Energy management techniques for ultra-small bio-medical implants
Author(s)Sanchez, William R
Massachusetts Institute of Technology. Dept. of Electrical Engineering and Computer Science.
Joel L. Dawson.
MetadataShow full item record
Trends in the medical industry have created a growing demand for implantable medical devices. In particular, the need to provide medical professionals a means to continuously monitor bio-markers over long time scales with increased precision is paramount to efficient healthcare. To make medical implants more attractive, there is a need to reduce their size and power consumption. Small medical implants would allow for less invasive procedures and greater comfort for patients. The two primary limitations to the size of small medical implants are the batteries that provide energy to circuit and sensor components, and the antennas that enable wireless communication to terminals outside of the body. In this work we present energy management and low-power techniques to help solve the engineering challenges posed by using ultracapacitors for energy storage. A major problem with using any capacitor as an energy source is the fact that its voltage drops rapidly with decreasing charge. This leaves the circuit to cope with a large supply variation and can lead to energy being left on the capacitor when its voltage gets too low to supply a sufficient supply voltage for operation. Rather than use a single ultracapacitor, we demonstrate higher energy utilization by splitting a single capacitor into an array of capacitors that are progressively reconfigured as energy is drawn out. An energy management IC fabricated in 180-nm CMOS implements a stacking procedure that allows for more than 98% of the initial energy stored in the ultracapacitors to be removed before the output voltage drops unsuitably low for circuit operation. The second part of this work develops techniques for wide-input-range energy management. The first chip implementing stacking suffered an efficiency penalty by using a switchedcapacitor voltage regulator with only a single conversion ratio. In a second implementation, we introduce a better solution that preserves efficiency performance by using a multiple conversion ratio switched-capacitor voltage regulator. At any given input voltage from an ultracapcitor array, the switched-capacitor voltage regulator is configured to maximize efficiency. Fabricated in a 180-nm CMOS process, the chip achieves a peak efficiency of 90% and the efficiency does not fall below 70% for input voltages between 1.25 and 3 V.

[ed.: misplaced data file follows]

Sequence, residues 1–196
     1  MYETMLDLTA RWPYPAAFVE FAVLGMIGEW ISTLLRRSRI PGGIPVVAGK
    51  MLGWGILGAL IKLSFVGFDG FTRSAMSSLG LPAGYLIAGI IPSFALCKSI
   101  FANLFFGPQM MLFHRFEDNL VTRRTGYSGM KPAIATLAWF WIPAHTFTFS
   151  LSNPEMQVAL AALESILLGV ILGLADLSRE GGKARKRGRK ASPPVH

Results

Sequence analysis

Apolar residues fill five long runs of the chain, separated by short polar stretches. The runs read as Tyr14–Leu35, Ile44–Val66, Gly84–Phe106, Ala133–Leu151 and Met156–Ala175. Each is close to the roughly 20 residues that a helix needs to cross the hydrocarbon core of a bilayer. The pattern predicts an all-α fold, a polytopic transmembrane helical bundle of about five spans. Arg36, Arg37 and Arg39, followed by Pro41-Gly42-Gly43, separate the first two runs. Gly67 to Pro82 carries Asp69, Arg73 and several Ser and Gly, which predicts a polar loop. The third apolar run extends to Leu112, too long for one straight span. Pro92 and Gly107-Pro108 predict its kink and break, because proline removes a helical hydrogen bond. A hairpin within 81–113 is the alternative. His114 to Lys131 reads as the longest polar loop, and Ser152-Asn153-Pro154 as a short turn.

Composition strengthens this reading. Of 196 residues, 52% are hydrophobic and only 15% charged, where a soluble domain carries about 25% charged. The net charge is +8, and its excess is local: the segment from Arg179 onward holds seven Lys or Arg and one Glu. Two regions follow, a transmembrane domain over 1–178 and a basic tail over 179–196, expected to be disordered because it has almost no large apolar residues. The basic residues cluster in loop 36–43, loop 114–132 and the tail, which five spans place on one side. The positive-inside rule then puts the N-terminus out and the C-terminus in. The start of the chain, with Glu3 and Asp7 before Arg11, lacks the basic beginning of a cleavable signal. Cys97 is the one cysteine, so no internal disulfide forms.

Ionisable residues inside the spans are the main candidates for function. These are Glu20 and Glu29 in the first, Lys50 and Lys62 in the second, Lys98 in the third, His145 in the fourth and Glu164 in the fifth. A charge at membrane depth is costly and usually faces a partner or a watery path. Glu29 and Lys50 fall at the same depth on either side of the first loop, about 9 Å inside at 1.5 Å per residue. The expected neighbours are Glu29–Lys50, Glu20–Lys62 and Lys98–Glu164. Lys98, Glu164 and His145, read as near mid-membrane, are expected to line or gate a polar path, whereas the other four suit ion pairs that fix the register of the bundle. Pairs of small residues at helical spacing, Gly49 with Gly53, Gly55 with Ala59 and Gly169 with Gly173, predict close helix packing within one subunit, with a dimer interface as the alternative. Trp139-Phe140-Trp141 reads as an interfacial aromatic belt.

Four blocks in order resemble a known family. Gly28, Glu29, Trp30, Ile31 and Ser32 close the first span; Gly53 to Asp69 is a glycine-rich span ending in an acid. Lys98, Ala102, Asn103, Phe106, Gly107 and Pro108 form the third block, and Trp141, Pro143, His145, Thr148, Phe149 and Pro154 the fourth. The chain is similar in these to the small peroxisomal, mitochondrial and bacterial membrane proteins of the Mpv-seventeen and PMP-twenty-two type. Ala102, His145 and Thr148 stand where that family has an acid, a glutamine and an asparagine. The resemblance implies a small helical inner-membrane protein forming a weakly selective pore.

Thesis (Ph. D.)--Massachusetts Institute of Technology, Dept. of Electrical Engineering and Computer Science, 2012.Cataloged from PDF version of thesis.Includes bibliographical references (p. 167-174).
DepartmentMassachusetts Institute of Technology. Department of Electrical Engineering and Computer Science
Massachusetts Institute of Technology
Electrical Engineering and Computer Science.